Trawler captain refutes COVID claims
Five unions called for the maritime inquiry after the widely-publicised coronavirus outbreak on the trawler, which continued fishing and did not return immediately to land. A maritime inquiry is an examination of witnesses in front of a court to establish the series of events surrounding incidents on board ships. Lawyers for the unions and the HG fishing company argued before the District Court last week about the purpose of, and motivations for, an inquiry in this case.
The company’s lawyers wanted the inquiry halted because the case is already under police investigation and Westfjords police have already interviewed all crew.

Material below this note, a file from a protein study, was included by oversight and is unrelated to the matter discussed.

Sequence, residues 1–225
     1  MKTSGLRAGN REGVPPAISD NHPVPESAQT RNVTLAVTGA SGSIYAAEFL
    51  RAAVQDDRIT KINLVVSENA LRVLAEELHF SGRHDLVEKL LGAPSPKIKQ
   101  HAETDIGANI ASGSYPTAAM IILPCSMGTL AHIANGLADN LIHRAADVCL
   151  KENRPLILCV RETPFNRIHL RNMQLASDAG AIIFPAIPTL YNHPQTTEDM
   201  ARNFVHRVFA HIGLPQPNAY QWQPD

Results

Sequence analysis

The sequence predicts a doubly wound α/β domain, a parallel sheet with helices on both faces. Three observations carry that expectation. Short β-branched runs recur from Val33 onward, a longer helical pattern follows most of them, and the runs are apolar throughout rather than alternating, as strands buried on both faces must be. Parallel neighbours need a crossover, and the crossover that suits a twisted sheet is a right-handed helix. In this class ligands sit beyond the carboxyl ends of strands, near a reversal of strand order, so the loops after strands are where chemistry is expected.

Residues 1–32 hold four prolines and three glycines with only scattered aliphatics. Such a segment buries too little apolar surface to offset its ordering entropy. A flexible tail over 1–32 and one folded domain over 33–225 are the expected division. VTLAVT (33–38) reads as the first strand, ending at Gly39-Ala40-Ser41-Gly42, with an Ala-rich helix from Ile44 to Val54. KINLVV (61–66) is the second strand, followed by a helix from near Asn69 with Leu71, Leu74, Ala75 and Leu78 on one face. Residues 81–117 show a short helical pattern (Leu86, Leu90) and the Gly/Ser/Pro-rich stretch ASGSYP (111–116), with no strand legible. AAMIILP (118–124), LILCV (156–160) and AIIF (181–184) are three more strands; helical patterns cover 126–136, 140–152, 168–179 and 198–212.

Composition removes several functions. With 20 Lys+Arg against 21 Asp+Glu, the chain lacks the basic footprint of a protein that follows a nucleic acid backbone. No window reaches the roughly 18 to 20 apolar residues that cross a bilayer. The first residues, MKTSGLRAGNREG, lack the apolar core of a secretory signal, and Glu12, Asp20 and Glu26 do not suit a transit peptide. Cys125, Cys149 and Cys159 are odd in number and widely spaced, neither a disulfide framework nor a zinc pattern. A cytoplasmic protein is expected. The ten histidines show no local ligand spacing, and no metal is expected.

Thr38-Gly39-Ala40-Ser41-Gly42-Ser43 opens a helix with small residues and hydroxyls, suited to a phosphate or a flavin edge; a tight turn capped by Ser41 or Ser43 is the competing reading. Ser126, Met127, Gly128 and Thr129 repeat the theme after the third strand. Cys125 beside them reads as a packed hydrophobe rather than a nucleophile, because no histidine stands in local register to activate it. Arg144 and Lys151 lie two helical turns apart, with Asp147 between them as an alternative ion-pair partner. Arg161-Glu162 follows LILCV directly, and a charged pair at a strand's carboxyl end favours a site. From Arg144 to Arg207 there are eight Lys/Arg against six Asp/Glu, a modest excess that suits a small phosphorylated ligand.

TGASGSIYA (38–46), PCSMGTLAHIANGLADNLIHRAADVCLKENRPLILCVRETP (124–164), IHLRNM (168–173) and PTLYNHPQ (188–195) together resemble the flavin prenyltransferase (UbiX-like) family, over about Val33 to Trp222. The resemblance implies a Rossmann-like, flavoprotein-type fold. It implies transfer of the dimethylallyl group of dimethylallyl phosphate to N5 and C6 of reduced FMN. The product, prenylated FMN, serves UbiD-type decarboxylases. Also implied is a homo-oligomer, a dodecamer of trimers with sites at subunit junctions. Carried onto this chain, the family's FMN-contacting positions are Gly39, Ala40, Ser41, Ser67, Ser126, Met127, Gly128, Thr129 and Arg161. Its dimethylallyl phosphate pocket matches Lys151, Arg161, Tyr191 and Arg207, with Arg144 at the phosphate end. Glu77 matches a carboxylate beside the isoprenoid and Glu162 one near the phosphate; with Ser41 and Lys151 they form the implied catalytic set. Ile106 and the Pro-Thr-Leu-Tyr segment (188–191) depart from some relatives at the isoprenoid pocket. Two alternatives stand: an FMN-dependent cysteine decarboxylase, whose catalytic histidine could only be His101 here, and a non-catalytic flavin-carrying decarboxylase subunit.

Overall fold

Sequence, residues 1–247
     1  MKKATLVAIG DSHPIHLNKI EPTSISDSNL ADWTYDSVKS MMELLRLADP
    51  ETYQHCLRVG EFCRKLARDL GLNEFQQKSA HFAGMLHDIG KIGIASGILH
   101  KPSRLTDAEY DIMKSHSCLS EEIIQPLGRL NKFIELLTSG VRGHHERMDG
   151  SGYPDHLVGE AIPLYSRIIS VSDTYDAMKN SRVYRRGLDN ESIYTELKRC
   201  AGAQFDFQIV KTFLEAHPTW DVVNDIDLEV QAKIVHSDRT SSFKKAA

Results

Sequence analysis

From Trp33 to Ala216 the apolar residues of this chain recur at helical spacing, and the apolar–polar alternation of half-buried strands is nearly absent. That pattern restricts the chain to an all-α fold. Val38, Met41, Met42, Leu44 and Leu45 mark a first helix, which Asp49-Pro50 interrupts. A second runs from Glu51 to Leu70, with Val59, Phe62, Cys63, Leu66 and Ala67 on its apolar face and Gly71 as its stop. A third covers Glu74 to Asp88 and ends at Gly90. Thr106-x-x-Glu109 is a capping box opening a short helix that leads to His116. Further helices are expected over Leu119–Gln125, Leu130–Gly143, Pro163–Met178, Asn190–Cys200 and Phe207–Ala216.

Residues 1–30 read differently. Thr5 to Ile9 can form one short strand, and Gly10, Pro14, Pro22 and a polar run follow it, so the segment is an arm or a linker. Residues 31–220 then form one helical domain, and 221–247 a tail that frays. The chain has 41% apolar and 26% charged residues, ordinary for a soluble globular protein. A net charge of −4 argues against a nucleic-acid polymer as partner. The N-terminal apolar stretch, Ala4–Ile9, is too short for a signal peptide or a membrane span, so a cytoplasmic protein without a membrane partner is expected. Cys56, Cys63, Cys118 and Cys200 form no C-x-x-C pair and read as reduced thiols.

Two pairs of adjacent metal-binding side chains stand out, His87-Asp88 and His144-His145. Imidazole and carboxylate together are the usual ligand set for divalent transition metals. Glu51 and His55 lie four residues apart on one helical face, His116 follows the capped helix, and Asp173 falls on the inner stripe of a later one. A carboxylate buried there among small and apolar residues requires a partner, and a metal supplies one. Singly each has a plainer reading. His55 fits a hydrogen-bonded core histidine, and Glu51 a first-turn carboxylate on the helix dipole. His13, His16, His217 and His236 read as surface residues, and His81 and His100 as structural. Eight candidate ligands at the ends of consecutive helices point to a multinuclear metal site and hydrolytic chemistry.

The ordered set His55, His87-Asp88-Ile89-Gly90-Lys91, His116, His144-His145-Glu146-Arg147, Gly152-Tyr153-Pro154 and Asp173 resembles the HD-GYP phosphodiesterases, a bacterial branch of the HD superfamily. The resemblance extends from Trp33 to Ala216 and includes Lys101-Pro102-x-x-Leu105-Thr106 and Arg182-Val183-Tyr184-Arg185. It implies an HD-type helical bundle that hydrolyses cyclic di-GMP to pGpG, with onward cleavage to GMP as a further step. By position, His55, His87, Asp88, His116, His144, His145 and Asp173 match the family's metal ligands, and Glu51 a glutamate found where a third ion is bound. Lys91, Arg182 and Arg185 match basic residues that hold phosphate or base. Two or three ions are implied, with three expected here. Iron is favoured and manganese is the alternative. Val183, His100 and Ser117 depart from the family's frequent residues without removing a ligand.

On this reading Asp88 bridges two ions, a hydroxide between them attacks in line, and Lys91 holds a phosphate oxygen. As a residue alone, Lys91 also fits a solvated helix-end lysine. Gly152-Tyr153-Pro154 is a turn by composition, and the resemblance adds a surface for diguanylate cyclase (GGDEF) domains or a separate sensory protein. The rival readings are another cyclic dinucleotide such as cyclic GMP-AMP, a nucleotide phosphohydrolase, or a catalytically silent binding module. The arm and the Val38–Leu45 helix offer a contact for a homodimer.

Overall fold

The unions’ lawyers called for a copy of the ship’s log—a record of all important events on board. HG refused, saying the police already had a copy. In the end, the company handed a copy over to the judge, who will read it and decide whether it should be passed on to the unions.
The captain’s lawyer clarified that he does not want to talk to the inquiry and RÚV has seen a statement in which he calls the process a kangaroo court. In the statement, he says it came as a shock to discover his crew had COVID-19 and he refutes claims that he deliberately put them in danger or forced them to work while ill.